AZ ALTERATION & CLEANERS only uses non-toxic biodegradable chemicals through a hydrocarbon dry cleaning process. This is much safer for you and the environment.
Why we DO NOT use Perc!
Of the 35,000 dry cleaning business in the U.S., 85% still use the toxic solvent perchloroethylene (perc) known to cause headaches, nausea, dizziness, and which has been linked to reproductive problems, including miscarriage and infertility in men, as well as disorders of the central nervous system.
If these health risks aren't enough, the International Agency for Research in Cancer has labeled perc a probable human carcinogen, as has the EPA in a recent Cleaner Technology Substitutes Assessment. Due to this extensive laundry-list of health concerns, and many other environmental concerns such asair and water pollution, dry-cleaning consumers can make a significant contribution by choosing healthier, greener alternatives to perc.
Perc is classified as a probable human carcinogen by the International Agency for Research on Cancer, and exposure carries risks to both those who work in the dry cleaning industry as well as consumers.
People who wear one dry-cleaned garment one day a week over a 40-year period could inhale enough perc "to measurably increase their risk of cancer" by as much as 150 times what is considered "negligible risk." Perc exposure has been shown to cause liver cancer in mice and kidney cancer in malerats. According to California's South Coast Air Quality Management District (SCAQMD), people who live near dry cleaners have a higher risk of cancer than those who live near oil refineries or power plants. Perc is classified as a hazardous air contaminant by the EPA and must be handled as a hazardous waste.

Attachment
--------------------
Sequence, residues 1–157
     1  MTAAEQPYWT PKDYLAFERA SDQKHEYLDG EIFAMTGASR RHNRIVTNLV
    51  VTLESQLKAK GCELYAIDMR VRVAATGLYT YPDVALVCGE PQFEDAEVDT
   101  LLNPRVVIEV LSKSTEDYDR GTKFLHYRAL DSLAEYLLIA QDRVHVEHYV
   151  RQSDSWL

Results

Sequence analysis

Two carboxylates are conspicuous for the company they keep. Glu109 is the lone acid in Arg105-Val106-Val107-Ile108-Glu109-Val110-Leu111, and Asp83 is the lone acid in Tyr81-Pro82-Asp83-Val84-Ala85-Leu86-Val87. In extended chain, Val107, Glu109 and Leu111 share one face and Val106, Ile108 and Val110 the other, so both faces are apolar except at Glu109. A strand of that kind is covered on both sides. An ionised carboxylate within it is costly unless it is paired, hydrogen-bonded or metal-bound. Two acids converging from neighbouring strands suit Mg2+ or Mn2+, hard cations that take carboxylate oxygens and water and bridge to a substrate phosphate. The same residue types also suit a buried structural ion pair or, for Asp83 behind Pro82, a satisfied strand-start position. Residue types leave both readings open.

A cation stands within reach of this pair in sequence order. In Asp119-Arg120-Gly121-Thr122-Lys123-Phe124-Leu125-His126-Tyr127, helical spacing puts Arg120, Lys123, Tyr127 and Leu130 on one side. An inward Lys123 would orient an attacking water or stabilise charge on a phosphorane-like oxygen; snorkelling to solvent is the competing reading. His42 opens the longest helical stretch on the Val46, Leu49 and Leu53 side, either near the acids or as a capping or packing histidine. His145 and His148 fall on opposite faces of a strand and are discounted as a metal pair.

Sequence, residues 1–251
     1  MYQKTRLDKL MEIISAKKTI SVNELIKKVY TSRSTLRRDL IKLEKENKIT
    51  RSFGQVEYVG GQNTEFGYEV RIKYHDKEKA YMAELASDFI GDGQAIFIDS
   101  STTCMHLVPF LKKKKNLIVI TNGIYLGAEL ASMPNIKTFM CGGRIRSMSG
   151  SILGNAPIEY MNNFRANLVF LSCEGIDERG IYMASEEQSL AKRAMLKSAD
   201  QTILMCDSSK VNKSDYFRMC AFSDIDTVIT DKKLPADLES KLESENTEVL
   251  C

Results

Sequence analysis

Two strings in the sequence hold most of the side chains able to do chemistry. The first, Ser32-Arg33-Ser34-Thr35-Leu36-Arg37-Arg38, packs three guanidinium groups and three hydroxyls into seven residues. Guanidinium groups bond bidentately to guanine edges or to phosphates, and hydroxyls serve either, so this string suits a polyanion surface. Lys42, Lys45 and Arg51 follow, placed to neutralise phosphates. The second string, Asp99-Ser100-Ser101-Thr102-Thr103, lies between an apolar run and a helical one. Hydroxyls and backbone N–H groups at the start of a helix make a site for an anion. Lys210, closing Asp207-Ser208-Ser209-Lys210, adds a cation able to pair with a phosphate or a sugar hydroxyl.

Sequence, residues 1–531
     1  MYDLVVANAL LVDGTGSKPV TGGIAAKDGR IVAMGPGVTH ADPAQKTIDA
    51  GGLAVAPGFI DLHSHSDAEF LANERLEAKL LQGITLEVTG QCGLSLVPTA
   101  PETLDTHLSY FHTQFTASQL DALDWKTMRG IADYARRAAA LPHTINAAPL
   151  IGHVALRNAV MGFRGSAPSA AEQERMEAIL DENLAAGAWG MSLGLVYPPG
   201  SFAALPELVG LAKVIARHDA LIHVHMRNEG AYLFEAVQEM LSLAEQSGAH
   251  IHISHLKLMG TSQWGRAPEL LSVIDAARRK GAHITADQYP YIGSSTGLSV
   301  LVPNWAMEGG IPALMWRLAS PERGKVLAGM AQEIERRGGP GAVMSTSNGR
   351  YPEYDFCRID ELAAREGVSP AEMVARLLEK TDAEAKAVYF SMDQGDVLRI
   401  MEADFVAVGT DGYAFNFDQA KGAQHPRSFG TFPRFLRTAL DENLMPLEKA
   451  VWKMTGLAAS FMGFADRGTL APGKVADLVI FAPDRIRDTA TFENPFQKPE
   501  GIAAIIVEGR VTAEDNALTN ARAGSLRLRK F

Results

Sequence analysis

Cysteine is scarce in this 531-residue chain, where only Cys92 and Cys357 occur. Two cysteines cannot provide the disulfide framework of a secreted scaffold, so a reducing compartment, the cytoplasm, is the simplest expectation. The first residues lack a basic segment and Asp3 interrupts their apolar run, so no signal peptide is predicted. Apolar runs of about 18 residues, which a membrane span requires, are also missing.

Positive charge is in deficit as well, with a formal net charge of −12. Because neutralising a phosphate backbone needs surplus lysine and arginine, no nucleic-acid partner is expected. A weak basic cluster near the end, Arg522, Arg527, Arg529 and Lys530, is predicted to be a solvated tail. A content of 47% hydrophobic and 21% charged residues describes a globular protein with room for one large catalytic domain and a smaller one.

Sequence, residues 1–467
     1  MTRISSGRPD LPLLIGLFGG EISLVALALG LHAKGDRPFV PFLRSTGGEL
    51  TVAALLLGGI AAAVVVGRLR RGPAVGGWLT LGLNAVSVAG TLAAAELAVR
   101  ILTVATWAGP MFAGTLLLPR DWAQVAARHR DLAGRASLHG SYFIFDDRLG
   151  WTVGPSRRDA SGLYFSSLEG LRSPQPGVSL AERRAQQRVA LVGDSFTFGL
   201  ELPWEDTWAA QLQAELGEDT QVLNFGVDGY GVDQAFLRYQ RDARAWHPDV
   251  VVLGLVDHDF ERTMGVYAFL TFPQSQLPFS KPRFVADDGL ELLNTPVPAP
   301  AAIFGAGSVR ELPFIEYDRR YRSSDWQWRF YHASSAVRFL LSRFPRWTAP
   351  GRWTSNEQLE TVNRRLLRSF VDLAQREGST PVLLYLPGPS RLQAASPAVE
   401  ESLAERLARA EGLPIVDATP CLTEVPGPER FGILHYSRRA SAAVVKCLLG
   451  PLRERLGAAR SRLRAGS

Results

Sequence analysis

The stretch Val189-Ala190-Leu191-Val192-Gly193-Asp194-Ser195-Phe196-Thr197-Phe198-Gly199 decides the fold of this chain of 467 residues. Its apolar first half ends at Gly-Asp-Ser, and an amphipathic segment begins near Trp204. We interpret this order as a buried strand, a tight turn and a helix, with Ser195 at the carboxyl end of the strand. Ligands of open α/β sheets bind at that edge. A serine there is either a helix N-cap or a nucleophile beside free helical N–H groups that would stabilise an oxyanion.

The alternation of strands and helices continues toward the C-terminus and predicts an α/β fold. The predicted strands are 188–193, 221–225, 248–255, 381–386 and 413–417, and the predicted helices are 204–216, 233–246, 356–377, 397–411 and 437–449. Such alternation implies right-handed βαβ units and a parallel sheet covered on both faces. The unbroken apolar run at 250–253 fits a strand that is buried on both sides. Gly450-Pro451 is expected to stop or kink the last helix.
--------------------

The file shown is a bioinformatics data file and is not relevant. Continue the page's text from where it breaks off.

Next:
70% of all perc used in the United States ends up in the environment, contaminating ground and drinking water. Because of this, dry cleaners that use perc must take special precautions against site contamination; landlords are becoming increasingly reluctant to allow drycleaners to operate in their buildings. When released into the air, perc can contribute to smog when it reacts with other volatile organic carbon substances.
California passed a ban on perc in January 2007, beginning a 15-year phase out of chemicals and equipment. By 2023, no dry cleaner in the state will be allowed to operate with perc.